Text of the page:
A lawyer from either newspaper could have looked at the ‘contract’ and provided a legal opinion as to its validity in accordance with Cambodian law. If the lawyer had said, “This is not a contract that gives the NGO the right to hold the two girls contrary to the express wishes of the parents,” the next question for an investigative journalist would have been a no-brainer:
“What legal authority did Citipointe have, in mid-2008, to remove the two girls from their family and retain custody of them despite repeated requests from their parents that they be returned to their family?”
Nothing in what I have suggested here would have required that either newspaper believed anything that I have written about this matter on two blogs. All that was required was the asking of a few questions, the writing of a few emails and on obtaining a legal opinion in relation to the July 31st 2008 ‘contract’. Standard operating procedure for any journalist and tasks that would not have taken more than a few hours to perform.
The Cambodia Daily and Phnom Penh Post have shown no interest in (a) viewing the ‘contract’, (b) in asking their newspaper’s lawyer to read and assess it (it is less than one page long!) and (c) asking Citipointe what legal authority the church had to remove the girls in mid 2008 and hold them contrary to the express wishes of their parents.
If Citipointe had not able to or refused to provide evidence for the legality of its actions in removing Rosa and Chita in mid-2008, (not an unreasonable newspaper request) the next port of call for a journalist would have been the Ministry of Social Affairs. MOSAVY played no role at all in the removal of Rosa and Chita in mid 2008 but a competent journalist should not and would not have taken my word for it. S/he would have asked the Ministry when and why it became involved and how and why two girls whose family sought short term assistance as a result of their poverty (this is clear in the 31/7/08 ‘contract’) came to be re-defined as ‘victims of human trafficking’?
If a Cambodia Daily or Phnom Penh Post journalist had received any response at all from the Ministry, s/he would have learned that it was fully 15 months (and multiple requests from Chanti and Chhork that their daughters be returned, all well documented) before MOSAVY gave Citipointe retrospective permission to remove the girls – in late 2009.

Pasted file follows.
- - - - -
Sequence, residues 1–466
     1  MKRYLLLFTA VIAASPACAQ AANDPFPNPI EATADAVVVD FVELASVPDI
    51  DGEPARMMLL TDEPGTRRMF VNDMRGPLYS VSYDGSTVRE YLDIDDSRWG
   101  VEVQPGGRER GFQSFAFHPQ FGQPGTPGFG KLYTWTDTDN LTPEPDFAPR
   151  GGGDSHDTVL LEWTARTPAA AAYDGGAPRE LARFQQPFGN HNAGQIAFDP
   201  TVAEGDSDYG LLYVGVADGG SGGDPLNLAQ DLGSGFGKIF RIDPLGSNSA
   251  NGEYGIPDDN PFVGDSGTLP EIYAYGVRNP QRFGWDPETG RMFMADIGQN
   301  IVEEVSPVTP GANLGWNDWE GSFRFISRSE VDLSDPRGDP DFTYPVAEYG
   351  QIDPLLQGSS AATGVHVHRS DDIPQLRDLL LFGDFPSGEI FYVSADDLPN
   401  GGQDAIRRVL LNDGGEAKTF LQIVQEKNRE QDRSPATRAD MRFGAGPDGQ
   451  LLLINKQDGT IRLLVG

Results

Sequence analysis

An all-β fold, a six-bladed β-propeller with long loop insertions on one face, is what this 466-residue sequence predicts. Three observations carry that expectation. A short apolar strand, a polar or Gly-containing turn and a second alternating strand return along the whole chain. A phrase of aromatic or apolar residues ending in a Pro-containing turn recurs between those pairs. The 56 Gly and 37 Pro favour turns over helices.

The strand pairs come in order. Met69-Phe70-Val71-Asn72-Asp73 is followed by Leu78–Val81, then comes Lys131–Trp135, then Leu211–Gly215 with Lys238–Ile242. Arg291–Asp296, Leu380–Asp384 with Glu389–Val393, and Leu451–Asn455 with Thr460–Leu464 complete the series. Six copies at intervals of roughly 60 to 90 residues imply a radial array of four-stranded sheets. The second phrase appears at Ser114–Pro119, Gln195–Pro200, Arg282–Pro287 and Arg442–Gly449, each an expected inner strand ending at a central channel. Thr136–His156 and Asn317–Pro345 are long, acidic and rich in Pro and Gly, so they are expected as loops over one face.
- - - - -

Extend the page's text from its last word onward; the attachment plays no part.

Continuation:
The next question for a Cambodia Daily or Phnom Penh Post journalist could then have been:
“What legal authority did Citipointe have, between July 2008 and Nov 2009 to hold the girls contrary to the parents’ oft expressed wishes that they be returned?”
This is where, my own experience tells me, the trail being pursued by a competent journalist would have gone dead. Both Citipointe and MOSAVY, if they deigned to answer questions at all, would have told the journalist that when Citipointe registered with the Ministry of Foreign Affairs the church had the right to remove the girls, any girls, from their families without providing a reason or evidence that such removal was in the best interests of the children themselves.
In accordance with this logic, any NGO registered with the Ministry of Foreign Affairs is free remove the children of poor parents from their families without being answerable or accountable MOSAVY, to Chab Dai (of which Citipointe is a member) or to anyone else – including, to date, LICADHO. Is this not a story worthy of at least a few phone calls and emails? In the case of the Cambodia Daily and the Phnom Penh Post it seems not!
NGOs must and should be held accountable for their actions and activities in Cambodia. This requires both transparency and an adherence to the precepts of accountability by NGOs. It also requires that the media, in this instance the English language press, ask questions and not allow itself to be intimidated into silence either by the fear of being sued or because criticism of NGOs might damage newspaper circulation or advertising revenue. (If there is a third possible reason for inaction I would love to know what it is.)
The NGO community should, I believe, welcome the expose of sham, incompetent NGOs that abrogate the rights (both legal and human) of the Cambodian people. These NGOs should not be welcome as part of the NGO community.
The media could play a very important role in exposing fraudulent NGOs. Both the Cambodia Daily and the Phnom Penh Post are failing to hold NGOs accountable or to demand transparency from them. And so it is, in the absence of any form of media oversight, that Citipointe church can continue to hold Chanti and Chhork’s daughters without either parent knowing why the girls were removed in the first place or what they must do to have them returned to their care.